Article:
Rays Anatomy 'Intriguing'

The Tampa Bay Devil Rays rank 29th in the majors in attendance with 15,420 fans per game. Tropicana Field would be even more of an echo chamber if not for the roving bands of Red Sox and Yankees fans who spread their special brand of joy at parks around the American League.

The Derek Jeter love and Kevin Youkilis chants don't go unnoticed among Tampa Bay players who would prefer a little more support at home.

AP Photo/George Widman Carl Crawford's name has surfaced in trade rumors as the Devil Rays consider what to do about their overloaded outfield."It makes you mad when it's your home place and they don't cheer for you," Rays shortstop Julio Lugo said. "When we play the Yankees, probably 80 percent of the fans are Yankee fans. But when we beat the Yankees, they turn into Tampa Bay fans. That tells you if we win, they'll come out."

The Devil Rays have never really tested that proposition in more than theory. There's no need to rehash the franchise's first nine years in depth, but any retrospective must include the Greg Vaughn contract debacle, local fans and corporate sponsors feeling alienated by the ham-handed Vince Naimoli ownership group, and baseballs getting stuck in catwalks. It's not a pretty sight.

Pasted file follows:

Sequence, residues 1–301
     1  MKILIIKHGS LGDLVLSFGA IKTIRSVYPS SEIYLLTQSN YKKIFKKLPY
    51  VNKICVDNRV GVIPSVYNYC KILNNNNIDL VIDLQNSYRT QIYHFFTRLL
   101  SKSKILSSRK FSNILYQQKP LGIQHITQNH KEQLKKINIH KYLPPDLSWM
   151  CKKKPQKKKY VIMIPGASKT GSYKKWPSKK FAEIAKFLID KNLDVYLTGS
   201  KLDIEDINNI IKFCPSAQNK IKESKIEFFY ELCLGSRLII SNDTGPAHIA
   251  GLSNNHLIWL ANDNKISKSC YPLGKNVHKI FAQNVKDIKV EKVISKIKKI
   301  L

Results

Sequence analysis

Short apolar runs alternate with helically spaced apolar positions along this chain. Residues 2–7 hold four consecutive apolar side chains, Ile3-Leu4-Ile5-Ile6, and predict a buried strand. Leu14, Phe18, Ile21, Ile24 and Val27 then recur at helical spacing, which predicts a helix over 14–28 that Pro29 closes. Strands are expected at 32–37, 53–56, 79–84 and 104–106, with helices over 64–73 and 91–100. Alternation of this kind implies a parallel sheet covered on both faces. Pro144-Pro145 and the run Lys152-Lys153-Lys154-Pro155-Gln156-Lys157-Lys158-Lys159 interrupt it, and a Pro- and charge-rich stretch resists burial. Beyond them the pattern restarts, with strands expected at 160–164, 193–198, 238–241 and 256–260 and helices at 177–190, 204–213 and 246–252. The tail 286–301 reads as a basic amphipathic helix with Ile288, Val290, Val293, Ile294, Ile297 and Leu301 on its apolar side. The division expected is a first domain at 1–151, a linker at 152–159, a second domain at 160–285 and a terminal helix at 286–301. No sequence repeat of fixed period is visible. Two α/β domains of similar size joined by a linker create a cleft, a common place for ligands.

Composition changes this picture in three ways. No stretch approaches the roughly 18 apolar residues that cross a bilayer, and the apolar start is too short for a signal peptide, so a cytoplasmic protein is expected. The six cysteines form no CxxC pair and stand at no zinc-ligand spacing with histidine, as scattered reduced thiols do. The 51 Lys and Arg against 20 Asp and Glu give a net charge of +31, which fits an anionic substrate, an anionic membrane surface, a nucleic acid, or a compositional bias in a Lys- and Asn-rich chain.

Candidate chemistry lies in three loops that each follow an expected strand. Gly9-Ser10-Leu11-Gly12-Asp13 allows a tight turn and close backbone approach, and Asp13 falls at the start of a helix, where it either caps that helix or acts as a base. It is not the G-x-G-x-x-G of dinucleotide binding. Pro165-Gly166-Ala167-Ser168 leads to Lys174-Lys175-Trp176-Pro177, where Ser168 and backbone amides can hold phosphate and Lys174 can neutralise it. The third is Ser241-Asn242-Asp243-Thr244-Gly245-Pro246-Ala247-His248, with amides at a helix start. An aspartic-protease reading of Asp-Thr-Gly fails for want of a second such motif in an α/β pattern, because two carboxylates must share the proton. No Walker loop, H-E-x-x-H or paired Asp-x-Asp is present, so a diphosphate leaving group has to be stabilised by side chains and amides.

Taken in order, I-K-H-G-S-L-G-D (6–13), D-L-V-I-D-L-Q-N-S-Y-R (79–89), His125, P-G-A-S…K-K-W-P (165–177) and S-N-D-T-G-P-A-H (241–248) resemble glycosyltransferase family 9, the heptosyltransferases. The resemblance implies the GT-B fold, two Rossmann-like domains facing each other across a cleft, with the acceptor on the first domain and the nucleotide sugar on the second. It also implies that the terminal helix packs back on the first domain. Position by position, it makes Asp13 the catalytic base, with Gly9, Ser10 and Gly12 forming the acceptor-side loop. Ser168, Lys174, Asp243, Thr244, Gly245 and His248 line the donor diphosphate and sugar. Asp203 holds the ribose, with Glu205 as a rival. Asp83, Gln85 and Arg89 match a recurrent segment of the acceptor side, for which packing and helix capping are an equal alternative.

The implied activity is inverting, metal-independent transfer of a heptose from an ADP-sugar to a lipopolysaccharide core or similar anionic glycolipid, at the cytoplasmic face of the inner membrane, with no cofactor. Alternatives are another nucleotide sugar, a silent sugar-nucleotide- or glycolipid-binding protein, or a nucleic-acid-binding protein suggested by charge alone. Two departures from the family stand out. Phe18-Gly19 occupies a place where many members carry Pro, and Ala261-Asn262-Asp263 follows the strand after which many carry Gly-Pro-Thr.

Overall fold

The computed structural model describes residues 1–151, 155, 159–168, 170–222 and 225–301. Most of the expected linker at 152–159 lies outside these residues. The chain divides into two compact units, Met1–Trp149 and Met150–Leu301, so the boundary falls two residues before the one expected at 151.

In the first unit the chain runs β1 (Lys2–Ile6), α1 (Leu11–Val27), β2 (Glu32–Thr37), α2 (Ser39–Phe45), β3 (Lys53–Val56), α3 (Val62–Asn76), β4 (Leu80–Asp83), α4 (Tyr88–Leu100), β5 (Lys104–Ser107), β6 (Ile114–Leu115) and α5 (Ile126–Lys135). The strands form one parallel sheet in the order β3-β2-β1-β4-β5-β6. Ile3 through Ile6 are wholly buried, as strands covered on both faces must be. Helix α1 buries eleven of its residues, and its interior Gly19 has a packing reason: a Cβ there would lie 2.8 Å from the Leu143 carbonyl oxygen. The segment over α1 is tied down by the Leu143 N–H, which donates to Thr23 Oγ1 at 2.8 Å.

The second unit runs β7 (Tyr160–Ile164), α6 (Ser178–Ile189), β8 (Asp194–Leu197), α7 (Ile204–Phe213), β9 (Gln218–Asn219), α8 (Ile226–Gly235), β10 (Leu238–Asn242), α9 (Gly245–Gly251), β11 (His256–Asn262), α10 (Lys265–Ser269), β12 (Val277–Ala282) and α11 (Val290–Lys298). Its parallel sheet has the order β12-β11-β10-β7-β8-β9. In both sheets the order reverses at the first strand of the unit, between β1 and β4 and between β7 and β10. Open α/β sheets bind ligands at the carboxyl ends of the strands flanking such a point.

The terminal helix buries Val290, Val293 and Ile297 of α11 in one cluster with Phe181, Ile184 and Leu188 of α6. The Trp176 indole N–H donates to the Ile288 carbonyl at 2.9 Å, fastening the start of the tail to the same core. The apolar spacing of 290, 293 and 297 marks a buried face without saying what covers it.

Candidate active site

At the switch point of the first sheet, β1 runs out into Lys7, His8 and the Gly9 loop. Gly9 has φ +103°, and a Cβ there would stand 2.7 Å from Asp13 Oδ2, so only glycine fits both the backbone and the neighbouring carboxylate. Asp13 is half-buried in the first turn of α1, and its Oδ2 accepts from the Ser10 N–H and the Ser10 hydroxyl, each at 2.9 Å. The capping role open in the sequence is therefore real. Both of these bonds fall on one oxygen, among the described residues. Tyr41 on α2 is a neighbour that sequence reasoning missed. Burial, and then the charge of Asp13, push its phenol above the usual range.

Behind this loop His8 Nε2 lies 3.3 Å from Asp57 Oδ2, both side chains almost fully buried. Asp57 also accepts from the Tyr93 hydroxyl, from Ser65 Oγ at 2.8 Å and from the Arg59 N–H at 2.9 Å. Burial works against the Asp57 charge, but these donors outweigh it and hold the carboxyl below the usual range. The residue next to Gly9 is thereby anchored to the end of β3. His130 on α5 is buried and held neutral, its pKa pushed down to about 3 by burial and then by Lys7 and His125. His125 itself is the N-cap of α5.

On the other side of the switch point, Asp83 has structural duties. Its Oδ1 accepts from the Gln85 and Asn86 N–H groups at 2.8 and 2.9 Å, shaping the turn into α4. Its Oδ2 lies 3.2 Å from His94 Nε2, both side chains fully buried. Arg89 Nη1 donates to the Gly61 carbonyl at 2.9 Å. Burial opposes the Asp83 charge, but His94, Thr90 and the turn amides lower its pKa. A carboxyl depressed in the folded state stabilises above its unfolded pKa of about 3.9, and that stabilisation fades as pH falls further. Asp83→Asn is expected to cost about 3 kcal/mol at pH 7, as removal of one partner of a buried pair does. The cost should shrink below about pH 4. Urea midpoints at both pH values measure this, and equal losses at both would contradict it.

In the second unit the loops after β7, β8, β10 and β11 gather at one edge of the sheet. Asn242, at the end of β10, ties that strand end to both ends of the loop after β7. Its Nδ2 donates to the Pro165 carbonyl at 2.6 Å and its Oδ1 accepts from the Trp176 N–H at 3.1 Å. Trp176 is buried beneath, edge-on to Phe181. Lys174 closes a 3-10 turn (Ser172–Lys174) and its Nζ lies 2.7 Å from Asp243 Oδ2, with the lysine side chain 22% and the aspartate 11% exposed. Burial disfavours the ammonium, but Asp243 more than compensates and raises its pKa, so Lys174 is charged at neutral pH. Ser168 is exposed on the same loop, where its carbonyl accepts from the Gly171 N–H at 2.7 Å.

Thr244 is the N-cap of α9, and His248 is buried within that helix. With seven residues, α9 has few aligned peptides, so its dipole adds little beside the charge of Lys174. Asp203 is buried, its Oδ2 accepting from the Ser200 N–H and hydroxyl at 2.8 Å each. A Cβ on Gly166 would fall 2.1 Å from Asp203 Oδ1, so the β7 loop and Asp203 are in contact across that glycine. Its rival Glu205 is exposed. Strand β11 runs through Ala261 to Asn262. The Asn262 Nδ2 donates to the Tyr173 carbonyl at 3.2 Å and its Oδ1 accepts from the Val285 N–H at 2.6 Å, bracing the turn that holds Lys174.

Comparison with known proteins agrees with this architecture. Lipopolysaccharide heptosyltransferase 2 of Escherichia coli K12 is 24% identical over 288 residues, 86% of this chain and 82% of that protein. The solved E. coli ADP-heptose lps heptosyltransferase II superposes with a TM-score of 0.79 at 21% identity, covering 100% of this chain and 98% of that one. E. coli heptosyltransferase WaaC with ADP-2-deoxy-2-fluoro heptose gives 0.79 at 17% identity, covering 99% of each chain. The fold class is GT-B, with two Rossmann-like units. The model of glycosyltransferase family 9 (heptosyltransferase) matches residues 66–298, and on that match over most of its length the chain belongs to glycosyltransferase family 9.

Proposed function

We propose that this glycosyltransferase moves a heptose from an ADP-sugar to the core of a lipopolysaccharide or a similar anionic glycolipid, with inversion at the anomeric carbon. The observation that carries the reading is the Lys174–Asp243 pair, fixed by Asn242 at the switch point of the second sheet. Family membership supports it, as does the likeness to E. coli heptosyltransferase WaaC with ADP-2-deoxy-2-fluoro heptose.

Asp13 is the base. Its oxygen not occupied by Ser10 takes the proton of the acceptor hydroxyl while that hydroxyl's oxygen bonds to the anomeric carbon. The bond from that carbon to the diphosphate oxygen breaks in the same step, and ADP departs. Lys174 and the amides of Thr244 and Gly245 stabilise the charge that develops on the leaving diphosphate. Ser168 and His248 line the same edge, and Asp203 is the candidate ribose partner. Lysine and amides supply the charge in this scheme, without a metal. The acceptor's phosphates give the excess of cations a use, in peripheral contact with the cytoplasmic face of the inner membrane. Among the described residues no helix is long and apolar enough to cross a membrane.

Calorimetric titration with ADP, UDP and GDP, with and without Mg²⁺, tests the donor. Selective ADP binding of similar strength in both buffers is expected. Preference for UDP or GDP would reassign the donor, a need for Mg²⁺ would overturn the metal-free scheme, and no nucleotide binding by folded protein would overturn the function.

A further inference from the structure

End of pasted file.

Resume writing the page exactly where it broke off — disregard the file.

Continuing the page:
Quietly, the Rays are making progress. They're two games over .500 outside the AL East this season, even with a scary run of injuries. Now that Rocco Baldelli, Aubrey Huff, Jorge Cantu and Lugo are off the disabled list after missing a combined 147 games, the Rays will try to improve their status as the worst on-base and 13th-best scoring team in the league.

The new Stuart Sternberg ownership group and the young Matt Silverman-Andrew Friedman front office tandem have brought energy and a sense of direction to the franchise. But lately it's been overwhelmed by what St. Petersburg Times writer Marc Topkin calls "Prospects Gone Wild," the nightly soap opera emanating from the Tampa Bay farm system.

Shortstop B.J. Upton, whose biggest problem has been an inability to pick up balls and throw them accurately for Triple-A Durham, was pinched Friday for driving 51 mph in a 30-mph zone with a blood alcohol level of .11. For most organizations, this might qualify as a big deal. For the Devil Rays, it was just another reason to haul out the handy-dandy "crisis management" press release.

Outfielder Josh Hamilton, he of the multiple drug violations, is in extended spring training awaiting word from Major League Baseball on whether he can join a minor-league club. Privately, Devil Rays officials are doubtful Hamilton can fulfill his potential as the No. 1 pick in the 1999 draft. Dwight Gooden and Darryl Strawberry showed how difficult it is to beat addiction, and for all of Hamilton's promise, he is 25 years old and has never played above the high Class A California League.

Outfielder Elijah Dukes, a physical specimen at 6-foot-2, 225 pounds, joined the fray Saturday when the Rays sent him home from Durham for undisclosed disciplinary reasons. Dukes' baseball suspensions are now running neck and neck with his previous misdemeanor arrests (four or five, depending on which newspaper account you believe).

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